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Chimeric Antigen Receptor T Cell Therapy for Pancreatic Cancer: A Review of Current Evidence

Agata Czaplicka
Mieszko Lachota
Leszek Pączek
Radosław Zagożdżon
2 and
Beata Kaleta
Department of Internal Medicine and Gastroenterology, Mazovian “Bródnowski” Hospital, 03-242 Warsaw, Poland
Laboratory of Cellular and Genetic Therapies, Medical University of Warsaw, 02-091 Warsaw, Poland
Department of Clinical Immunology, Medical University of Warsaw, 02-006 Warsaw, Poland
Author to whom correspondence should be addressed.
Cells 2024, 13(1), 101;
Submission received: 27 November 2023 / Revised: 19 December 2023 / Accepted: 2 January 2024 / Published: 4 January 2024
(This article belongs to the Special Issue Role of T Cells from Adaptive Immune Responses to Therapies)


Chimeric antigen receptor (CAR) T-cell therapy has revolutionized the treatment of malignant and non-malignant disorders. CARs are synthetic transmembrane receptors expressed on genetically modified immune effector cells, including T cells, natural killer (NK) cells, or macrophages, which are able to recognize specific surface antigens on target cells and eliminate them. CAR-modified immune cells mediate cytotoxic antitumor effects via numerous mechanisms, including the perforin and granzyme pathway, Fas and Fas Ligand (FasL) pathway, and cytokine secretion. High hopes are associated with the prospective use of the CAR-T strategy against solid cancers, especially the ones resistant to standard oncological therapies, such as pancreatic cancer (PC). Herein, we summarize the current pre-clinical and clinical studies evaluating potential tumor-associated antigens (TAA), CAR-T cell toxicities, and their efficacy in PC.

1. Introduction

Pancreatic cancer (PC) is the 12th most common cancer and the 7th leading cause of cancer-related death worldwide [1]. This type of malignancy has a poor prognosis due to delayed diagnosis and limited therapeutic options. The 5-year relative survival rate for PC is 12% [2]. Therefore, the early detection and identification of molecular therapeutic targets improve the prospects for long-term survival. According to data published in 2023 by the National Cancer Institute, 90% of pancreatic cancers are pancreatic ductal adenocarcinomas (PDACs), which are predicted to be the second leading cause of cancer-related death by 2030 [3,4].
PC is associated with numerous risk factors, including age, sex, tobacco smoking, overweight and obesity, hyperglycemia, insulin resistance, type 2 diabetes, pancreatitis, as well as genetic factors (mutations in BRCA1, BRCA2, PALB2, ATM, STK11/LKB1, P16INK4A/CDKN2A, KRAS5, and TP53 genes) [5]. Gene expression analyses allowed the identification of four molecular subtypes of PDAC with different biological traits and potential subtype-specific therapeutic options: (1) squamous; (2) pancreatic progenitor; (3) immunogenic; and (4) aberrantly differentiated endocrine exocrine (ADEX) [6].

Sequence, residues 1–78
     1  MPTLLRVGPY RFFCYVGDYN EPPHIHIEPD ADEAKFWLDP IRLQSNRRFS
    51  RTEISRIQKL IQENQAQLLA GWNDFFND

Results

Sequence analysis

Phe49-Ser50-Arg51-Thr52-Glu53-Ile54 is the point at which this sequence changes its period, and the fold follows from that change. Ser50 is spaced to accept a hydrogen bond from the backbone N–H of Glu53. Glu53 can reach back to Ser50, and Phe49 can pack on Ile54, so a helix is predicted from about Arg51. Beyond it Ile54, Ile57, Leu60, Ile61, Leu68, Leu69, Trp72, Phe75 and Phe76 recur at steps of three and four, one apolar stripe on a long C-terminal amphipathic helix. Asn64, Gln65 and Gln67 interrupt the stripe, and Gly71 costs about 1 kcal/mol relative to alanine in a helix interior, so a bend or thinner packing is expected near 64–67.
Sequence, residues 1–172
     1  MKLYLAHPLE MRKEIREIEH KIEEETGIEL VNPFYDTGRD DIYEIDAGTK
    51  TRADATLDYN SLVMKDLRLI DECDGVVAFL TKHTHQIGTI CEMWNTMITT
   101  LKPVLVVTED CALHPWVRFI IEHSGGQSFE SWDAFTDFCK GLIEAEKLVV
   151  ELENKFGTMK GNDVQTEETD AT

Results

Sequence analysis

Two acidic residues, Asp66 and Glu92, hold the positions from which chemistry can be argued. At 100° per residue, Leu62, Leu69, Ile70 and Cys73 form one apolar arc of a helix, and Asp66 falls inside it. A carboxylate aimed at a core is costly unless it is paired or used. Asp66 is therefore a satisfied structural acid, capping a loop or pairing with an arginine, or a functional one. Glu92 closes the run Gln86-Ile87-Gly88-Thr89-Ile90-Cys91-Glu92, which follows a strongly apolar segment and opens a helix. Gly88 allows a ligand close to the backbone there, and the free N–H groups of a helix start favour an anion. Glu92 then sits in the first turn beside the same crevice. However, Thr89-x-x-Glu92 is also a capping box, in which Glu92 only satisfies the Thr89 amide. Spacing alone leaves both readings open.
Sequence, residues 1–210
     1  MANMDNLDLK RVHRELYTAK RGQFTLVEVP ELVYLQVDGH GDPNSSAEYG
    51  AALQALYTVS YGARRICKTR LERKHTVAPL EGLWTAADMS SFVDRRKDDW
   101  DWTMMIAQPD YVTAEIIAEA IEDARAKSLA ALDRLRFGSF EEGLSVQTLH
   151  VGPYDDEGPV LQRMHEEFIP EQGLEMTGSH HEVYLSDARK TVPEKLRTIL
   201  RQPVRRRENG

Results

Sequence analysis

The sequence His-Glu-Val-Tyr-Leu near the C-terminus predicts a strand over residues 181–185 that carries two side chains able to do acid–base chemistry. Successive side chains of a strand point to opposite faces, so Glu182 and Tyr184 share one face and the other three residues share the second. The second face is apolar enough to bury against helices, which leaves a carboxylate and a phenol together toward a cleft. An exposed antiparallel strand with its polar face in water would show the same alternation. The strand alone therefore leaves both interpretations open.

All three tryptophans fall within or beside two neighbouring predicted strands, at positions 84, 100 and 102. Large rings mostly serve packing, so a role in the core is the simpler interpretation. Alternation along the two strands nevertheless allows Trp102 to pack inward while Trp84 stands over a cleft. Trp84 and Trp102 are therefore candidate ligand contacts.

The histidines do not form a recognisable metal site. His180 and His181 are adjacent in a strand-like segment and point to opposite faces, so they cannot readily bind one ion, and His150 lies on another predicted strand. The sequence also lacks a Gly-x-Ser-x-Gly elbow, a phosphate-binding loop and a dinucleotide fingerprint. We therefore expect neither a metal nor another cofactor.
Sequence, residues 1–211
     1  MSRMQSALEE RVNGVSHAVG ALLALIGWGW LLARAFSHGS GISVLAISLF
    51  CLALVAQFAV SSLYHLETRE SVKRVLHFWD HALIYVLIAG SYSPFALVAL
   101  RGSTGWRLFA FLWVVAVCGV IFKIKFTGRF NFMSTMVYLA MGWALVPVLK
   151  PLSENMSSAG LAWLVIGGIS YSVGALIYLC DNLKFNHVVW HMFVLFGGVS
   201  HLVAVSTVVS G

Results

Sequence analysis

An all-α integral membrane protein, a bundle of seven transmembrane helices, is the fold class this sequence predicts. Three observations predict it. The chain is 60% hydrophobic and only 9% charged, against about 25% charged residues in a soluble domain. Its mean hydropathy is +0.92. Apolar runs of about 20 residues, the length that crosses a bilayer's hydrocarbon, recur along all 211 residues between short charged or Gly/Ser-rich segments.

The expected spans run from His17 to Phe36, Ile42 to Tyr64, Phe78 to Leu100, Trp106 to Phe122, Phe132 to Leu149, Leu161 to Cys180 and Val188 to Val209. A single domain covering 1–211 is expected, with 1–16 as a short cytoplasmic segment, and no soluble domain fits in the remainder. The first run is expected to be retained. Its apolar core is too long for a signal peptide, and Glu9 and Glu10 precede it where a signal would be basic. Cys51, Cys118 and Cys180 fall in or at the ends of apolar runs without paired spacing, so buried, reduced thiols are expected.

PC treatment depends on the stage of the disease, molecular subtype, and location of the cancer. Nowadays, for resectable and borderline resectable tumors, surgery followed by adjuvant chemotherapy (with gemcitabine plus capecitabine) with or without radiotherapy represents the gold standard treatment. In case of unresectable tumors, neoadjuvant chemotherapy with FOLFIRINOX (oxaliplatin, irinotecan, leucovorin, and 5-fluorouracil) is utilized. For metastatic PC, palliative chemotherapy is the only treatment option [7,8]. Progress toward effective first-line therapy has been slow. According to data from clinical trials, up to 86% of patients need a second-line chemotherapy with gemcitabine plus nanoparticle albumin-bound paclitaxel or nanoliposomal irinotecan plus 5-fluorouracil [9].

2. Immunotherapy Challenges in Pancreatic Cancer

Cancer immunotherapy, especially with immune checkpoint inhibitors (ICIs), has revolutionized the field of oncology [10]. However, in the case of PC, this therapy is limited due to specific features of the tumor microenvironment (TME), including dense desmoplasia and immunosuppression [11,12,13].
PC creates an immunosuppressive TME favorable for its growth. Cancer cells have low expression of major histocompatibility complex (MHC) class I molecules, which leads to decreased activation of cytotoxic CD8+ T cells, lower secretion of perforin and granzyme, as well as decreased expression of IC molecules. Moreover, in PC, immunosuppressive regulatory T cells (Treg) with cytotoxic T-lymphocyte-associated antigen 4 (CTLA-4) on their surface are abundant [14]. Other immunosuppressive cells present in TME are tumor-associated macrophages (TAMs), which inhibit the infiltration of CD8+ T cells into the tumor [15]. In addition, M2-like macrophages secrete cytokines and growth factors, which stimulate cancer cell proliferation and metastases [16].
The differentiation of pancreatic stellate cells and epithelial, endothelial, as well as mesenchymal stem cells into myofibroblast-like cells results in the formation of stromal desmoplasia [15], which is a mechanical barrier limiting the infiltration of immune cells [17]. Desmoplasia comprises up to 90% of the tumor volume and is associated with worse outcomes of treatment in patients with PC [18].